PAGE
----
WORDS ABOUT WORDS
We see variability in every tongue, and new words are continually cropping up; but as there is a limit to the powers of the memory, single words, like whole languages, gradually become extinct. As Max Muller has well remarked: "A struggle for life is constantly going on amongst the words and grammatical forms in each language. The better, the shorter, the easier forms are constantly gaining the upper hand, and they owe their success to their own inherent virtue." To these more important causes of the survival of certain words, mere novelty and fashion may be added; for there is in the mind of man a strong love for slight changes in all things. The survival or preservation of certain favoured words in the struggle for existence is natural selection.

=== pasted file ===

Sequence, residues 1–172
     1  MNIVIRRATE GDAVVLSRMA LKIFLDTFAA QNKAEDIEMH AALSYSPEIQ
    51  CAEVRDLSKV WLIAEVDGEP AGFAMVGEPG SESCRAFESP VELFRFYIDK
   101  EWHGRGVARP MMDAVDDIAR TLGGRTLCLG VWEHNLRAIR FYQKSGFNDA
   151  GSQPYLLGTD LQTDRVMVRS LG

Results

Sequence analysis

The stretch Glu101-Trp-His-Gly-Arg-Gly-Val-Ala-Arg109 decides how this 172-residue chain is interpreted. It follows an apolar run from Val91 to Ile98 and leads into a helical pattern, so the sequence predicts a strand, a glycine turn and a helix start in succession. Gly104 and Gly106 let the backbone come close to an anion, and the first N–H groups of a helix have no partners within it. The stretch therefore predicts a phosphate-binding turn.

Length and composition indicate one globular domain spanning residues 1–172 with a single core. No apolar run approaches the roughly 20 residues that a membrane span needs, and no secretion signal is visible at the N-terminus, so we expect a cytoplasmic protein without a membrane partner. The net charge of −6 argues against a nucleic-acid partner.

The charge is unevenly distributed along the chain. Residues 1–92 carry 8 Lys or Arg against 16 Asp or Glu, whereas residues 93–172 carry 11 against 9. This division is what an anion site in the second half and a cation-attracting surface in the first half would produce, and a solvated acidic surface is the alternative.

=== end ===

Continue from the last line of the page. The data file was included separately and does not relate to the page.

Charles Darwin, English naturalist, The Descent of Man, 1871
Posted on December 18, 2003 at 8:19 AM